Pink was Baroness Béatrice de Rothschild's favorite color and roses were at the top of the plant list. The frothy blooms were spilling over edges, ballooning in between other plants, and pooling into soft mounds along the pathways.
Villa Ephrussi de Rothschild,  Saint-Jean-Cap-Ferrat, France
Like the other gardens we visited, new world plants were showcased, but put into the landscape in English Cottage style. The effect was mesmerizing and I'm trying to figure out how to do it properly in my own garden.
Villa Ephrussi de Rothschild,  Saint-Jean-Cap-Ferrat, France
In Provence we encountered numerous Roman ruins, one of which is the Pont du Gard aqueduct. It's gigantic - and so precise. There's no mortar in this and running my hands over the stone in the arches gave me goosebumps. Human beings built this. Wikipedia has a great excerpt written by Jean-Jacques Rousseau when he first visited it in 1738. It describes exactly how I felt when I saw it.

I had been told to go and see the Pont du Gard; I did not fail to do so. It was the first work of the Romans that I had seen. I expected to see a monument worthy of the hands which had constructed it. This time the object surpassed my expectation, for the only time in my life. Only the Romans could have produced such an effect. The sight of this simple and noble work struck me all the more since it is in the middle of a wilderness where silence and solitude render the object more striking and the admiration more lively; for this so-called bridge was only an aqueduct. One asks oneself what force has transported these enormous stones so far from any quarry, and what brought together the arms of so many thousands of men in a place where none of them live. I wandered about the three storeys of this superb edifice although my respect for it almost kept me from daring to trample it underfoot. The echo of my footsteps under these immense vaults made me imagine that I heard the strong voices of those who had built them. I felt myself lost like an insect in that immensity. While making myself small, I felt an indefinable something that raised up my soul, and I said to myself with a sigh, "Why was I not born a Roman!"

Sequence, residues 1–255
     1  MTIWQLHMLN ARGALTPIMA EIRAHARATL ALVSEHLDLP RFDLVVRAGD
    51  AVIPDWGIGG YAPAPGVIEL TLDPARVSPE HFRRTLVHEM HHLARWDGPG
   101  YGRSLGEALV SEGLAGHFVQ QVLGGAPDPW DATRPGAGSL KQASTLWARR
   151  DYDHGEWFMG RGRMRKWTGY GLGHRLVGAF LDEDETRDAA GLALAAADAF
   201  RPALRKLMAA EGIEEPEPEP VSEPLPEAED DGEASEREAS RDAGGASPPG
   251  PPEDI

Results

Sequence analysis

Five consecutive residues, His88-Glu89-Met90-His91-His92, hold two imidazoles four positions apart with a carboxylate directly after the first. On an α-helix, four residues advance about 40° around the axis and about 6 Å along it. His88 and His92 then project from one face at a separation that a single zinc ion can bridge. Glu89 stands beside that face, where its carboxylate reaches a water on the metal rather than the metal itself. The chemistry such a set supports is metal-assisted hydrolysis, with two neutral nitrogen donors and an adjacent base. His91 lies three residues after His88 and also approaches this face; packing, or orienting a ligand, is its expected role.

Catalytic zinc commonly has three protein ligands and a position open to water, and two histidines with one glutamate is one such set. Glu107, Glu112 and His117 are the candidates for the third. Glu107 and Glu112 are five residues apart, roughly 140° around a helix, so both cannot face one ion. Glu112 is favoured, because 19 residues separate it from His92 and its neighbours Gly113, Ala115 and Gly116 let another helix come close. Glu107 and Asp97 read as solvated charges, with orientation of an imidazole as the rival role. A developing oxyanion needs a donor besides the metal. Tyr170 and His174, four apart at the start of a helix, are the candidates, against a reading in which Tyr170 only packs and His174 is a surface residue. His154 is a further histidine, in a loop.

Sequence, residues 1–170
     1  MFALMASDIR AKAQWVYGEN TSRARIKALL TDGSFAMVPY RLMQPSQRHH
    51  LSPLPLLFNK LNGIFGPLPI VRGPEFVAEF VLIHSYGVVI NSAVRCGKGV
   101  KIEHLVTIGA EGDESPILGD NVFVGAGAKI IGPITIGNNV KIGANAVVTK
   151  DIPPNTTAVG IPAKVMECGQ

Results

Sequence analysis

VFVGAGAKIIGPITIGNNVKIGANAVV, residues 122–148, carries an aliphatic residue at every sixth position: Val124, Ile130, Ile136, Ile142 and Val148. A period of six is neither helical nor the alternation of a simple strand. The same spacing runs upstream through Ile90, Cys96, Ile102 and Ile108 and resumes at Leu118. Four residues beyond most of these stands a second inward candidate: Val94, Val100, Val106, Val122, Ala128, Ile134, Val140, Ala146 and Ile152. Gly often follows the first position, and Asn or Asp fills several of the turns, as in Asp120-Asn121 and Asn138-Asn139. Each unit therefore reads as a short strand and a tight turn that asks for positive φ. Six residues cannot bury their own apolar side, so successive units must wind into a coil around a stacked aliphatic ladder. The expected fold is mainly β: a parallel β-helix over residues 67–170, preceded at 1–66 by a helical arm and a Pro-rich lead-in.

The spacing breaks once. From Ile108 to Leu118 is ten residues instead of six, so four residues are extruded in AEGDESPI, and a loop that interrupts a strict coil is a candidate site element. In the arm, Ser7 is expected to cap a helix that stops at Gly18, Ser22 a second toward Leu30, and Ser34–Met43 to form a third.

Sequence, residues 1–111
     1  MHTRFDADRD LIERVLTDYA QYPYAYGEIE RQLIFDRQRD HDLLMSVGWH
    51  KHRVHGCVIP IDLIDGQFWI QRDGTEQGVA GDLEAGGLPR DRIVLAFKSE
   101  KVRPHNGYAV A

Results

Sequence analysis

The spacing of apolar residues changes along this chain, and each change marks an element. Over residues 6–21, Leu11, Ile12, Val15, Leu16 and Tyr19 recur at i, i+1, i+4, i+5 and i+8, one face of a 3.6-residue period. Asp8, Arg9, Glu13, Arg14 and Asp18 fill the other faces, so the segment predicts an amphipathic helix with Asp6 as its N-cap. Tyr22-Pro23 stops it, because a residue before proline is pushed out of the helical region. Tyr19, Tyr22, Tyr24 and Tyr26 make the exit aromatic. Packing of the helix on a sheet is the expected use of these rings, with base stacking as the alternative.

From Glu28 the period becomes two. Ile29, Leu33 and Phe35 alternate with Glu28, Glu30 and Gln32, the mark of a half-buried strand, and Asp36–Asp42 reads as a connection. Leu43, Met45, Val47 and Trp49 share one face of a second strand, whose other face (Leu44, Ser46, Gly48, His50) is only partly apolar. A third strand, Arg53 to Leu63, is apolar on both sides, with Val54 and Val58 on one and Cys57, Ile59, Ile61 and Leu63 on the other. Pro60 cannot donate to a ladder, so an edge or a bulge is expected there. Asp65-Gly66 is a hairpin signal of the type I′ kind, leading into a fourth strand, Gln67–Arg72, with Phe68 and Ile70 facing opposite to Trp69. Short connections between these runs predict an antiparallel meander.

Pont du Gard aqueduct, Vers-Pont-du-Gard, France
I love impressionist art and two of my favorite painters are Van Gogh and Monet. I've seen several canvases over the years and we were lucky enough to be in Arles when many of Van Gogh's Provence paintings were on loan from Amsterdam. What I like about Van Gogh, and this group of paintings in particular, is that he paints with a passion and fervor that matches my own love of the subject matter. When I saw one of his iris paintings I burst into tears.

One of our stops on the tour was Saint-Paul Asylum, Saint-Rémy. Every single step was into a painting. To see the gardens, the orchards, the asylum, the surrounding landscape in person, with the vision of a painting inspired by it made me a little dizzy. I tried to channel him as much as possible to take photographs of the same subject matter. When we walked past the olive orchard and it's dancing trees, I felt the now familiar bubble of emotion rise into my throat.
Olive orchard, Saint-Paul Asylum, Saint-Rémy, France
The last leg of our trip was to Paris and I made the pilgrimage to Giverny to see Monet's garden. It was a complete revelation. Monet's genius was painting the light, not the subject matter. When I stepped into his garden I recognized that same genius in the landscaping. Every element was oriented to capture the best light no matter what time of day. Gone were the formal structures I had been seeing on my trip and instead, it was a riot of plants jammed into spaces so that he could paint them. Long stretches of planting beds dotted with interesting trees and shrubs were framed by green hedges that forced you to concentrate on small elements. Again I tried to channel the artist and took photographs of the light. Every single photo was a masterpiece by this amateur photographer. Next time I will stay all day instead of the three hours we were allowed on the tour.
Water lily pond, Monet's garden, Giverny, France
Paris is one of my bucket list cities and I regret that we only had three days. We tried to cram in the big sites and go to the Louvre, but it simply wasn't enough. The Parisians were all very nice to us as well as helpful - we couldn't have asked for a more welcoming experience.